Take It Slow, Bostonian

Filed in College Life by on May 30, 2009 3 Comments

By Allan-Michael Brown

I am a New Yorker, born and raised. I grew up in one of the biggest and fast-paced cities in the world. Although I lived in Boston for the past three years, I still take my hard-faced, fast-paced attitude wherever I go. I’m always in a hurry and on the move. As a pharmacy student, there’s always something to study or a professional skill to enhance by a certain deadline.

Two weeks ago, just as school ended, I decided to enhance my Spanish-speaking skills this summer—a career move that will help me reach Spanish-speaking patients in a pharmacy setting (there’s a huge language barrier between Spanish-speaking patients and pharmacists). I turned to craigslist to meet someone who could help me with my Spanish (despite the recent media-circus regarding the Craigslist Killer). After exchanging a few emails with someone named Jose, and concluding that he wasn’t a sketchy, serial killer rapist, I decided to meet up with him (in a public place) so we could begin some informal and practical Spanish lessons. We decided to meet at Starbucks on Boylston, right across from Lord & Taylor. It was 8 o’clock on a brisk Wednesday evening. I arrived at Starbucks and I sat in a big, comfy reading chair adjacent to the window. I didn’t spot my friend anywhere. After reading the Globe for roughly twenty minutes, I started to get the impression that I was being stood up.

Just as my frustration and impatience urged me to rise from my seat, a voice came from nowhere and said, “Didn’t today just go by so fast?” Those words came from the gentleman sitting next to me. He was bald, wearing a pink shirt, and he was decorated with many bracelets and rings. My inner New Yorker told me to just ignore him—he could have been a sketchy, serial killer rapist, but something in me made me say, “Yeah it did. It was just one of those days I guess.” Then he started talking about his morning, and at that point I definitely wanted to just get up and go. However, once he nonchalantly uttered the words, “my cancer” I couldn’t bring myself to move. After all, I am a health science major and since I had nothing else to do, why not listen to his story? He told me that he too was from New York City and he absolutely hated Boston. He bashed everything about Boston from the transportation system all the way down to the bagels.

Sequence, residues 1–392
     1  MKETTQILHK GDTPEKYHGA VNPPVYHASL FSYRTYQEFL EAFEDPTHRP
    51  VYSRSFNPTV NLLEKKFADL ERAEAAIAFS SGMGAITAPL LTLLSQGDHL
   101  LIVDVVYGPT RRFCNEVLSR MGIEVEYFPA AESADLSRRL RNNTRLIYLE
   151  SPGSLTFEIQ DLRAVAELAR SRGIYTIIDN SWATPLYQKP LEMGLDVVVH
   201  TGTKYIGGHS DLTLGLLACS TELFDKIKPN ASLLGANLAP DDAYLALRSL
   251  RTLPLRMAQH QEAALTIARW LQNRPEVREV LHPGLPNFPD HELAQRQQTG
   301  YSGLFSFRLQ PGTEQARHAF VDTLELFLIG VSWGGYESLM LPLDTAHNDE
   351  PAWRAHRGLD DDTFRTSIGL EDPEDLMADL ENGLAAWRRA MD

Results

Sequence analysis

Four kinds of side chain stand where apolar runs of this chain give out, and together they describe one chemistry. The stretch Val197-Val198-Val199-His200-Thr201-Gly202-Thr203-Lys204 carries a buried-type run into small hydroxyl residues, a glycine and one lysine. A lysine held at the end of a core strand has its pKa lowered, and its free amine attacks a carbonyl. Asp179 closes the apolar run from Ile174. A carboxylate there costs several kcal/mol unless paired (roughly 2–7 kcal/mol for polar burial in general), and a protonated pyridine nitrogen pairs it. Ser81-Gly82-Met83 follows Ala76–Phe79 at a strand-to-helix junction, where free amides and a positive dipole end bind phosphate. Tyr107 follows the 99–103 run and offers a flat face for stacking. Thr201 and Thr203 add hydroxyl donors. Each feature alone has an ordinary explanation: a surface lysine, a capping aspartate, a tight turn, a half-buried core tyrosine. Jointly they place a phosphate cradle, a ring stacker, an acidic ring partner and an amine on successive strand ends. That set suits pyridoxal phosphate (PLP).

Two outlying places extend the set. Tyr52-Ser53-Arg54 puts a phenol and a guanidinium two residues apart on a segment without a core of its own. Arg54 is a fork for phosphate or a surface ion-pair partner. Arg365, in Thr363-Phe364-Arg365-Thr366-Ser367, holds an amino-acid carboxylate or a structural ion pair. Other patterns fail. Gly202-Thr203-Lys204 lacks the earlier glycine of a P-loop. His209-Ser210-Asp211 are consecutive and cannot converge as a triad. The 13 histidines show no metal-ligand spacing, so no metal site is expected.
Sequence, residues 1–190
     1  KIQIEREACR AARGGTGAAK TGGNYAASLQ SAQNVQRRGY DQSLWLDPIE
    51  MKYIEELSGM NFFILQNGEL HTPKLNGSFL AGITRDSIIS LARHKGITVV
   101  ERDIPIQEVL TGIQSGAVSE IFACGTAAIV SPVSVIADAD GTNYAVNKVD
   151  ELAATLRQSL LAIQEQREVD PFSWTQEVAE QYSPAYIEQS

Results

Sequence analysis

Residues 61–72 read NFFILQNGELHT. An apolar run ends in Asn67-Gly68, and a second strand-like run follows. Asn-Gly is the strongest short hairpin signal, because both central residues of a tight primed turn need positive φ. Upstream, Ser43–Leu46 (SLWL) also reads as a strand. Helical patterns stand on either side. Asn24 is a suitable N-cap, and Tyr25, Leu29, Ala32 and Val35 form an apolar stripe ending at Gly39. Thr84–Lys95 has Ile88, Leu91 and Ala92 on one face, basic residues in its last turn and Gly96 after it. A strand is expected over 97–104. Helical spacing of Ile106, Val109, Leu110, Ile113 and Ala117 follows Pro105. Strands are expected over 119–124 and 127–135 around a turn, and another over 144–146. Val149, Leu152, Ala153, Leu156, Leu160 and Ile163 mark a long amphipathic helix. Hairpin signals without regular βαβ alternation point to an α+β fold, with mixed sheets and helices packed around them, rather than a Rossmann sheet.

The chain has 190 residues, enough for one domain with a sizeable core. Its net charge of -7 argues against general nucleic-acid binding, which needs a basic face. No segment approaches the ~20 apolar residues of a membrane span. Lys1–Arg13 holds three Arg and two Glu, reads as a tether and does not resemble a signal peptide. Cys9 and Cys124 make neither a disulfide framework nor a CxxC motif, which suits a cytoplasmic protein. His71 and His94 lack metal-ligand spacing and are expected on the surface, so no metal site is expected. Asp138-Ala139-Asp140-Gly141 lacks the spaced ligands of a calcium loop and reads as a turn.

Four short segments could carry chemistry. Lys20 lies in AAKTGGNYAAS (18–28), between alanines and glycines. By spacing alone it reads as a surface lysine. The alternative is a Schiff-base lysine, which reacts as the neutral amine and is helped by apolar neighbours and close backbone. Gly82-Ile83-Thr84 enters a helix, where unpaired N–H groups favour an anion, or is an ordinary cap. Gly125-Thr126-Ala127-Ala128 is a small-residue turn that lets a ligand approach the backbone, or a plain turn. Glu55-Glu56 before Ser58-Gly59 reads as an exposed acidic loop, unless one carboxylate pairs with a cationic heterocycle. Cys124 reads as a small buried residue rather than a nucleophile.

When I asked him why he was in Boston (since he complained about it so much), he replied by saying that Boston has the best hospitals for cancer treatments, particularly Dana Farber. This is true; Dana Farber is one of the country’s most-renowned cancer institutes thanks to its long history of cancer research and care. The Dana Farber Cancer Institute rests in the esteemed Longwood Medical Area. The Longwood Medical Area also houses Harvard Medical School and my school, the Massachusetts College of Pharmacy along with other, perhaps more noteworthy establishments of the healthcare world. Anyway, the stranger and I continued chatting for two hours more. In that time, I was hit by the cliché that life is too short, and that by doing so much so quickly doesn’t allow one to live it to the fullest. Although the stranger preferred New York City to Boston, he admits that Boston has a quality that makes time seem to slow down. In New York City, he was told he had six months to live and here he is in Boston 3 years later, in remission. He said that having 6 months to live was so short, but 3 years of being alive and well seemed shorter. I was amazed by his story. We shook hands as the baristas closed up Starbucks for the evening. He headed back to his hotel one way and I headed for the T another way. Before I went down those long steps at the  T stop, I glanced back at the Prudential Tower . I remembered someone telling me that Boston is the Walking City, so I thought why not walk home? It wasn’t very far at all.

As I walked, I emailed Jose via my blackberry; he replied that he was sorry for not showing up. He told me that his day was just too crammed and too busy. I told him, “No worries.” We rescheduled and met several days later. We met at that very same coffee shop on Boylston. The stranger who I spoke with wasn’t in sight. Jose and I found a table. With a guilty smirk, he said that we would move quickly and “make up for lost time.” I immediately responded, “There’s no rush. I just want to take it slow and really learn it.”

Prudential Time

Flickr photo courtesy of Alex Pandian

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Comments (3)

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  1. Doesn’t it take up a lot of time to keep your blog so interesting ?

  2. Allegra Leone says:

    This is another well written piece Allan! It’s amazing the people you meet randomly in Starbucks without expecting it. I probably would have just ignored him, gotten up, and left. But, I’m glad you stayed and talked to him and I’m glad you were able to start learning spanish. Great Job Allan on another well – written piece!

  3. allanmb says:

    No, not at all.
    I just enjoy my life and write about it 🙂

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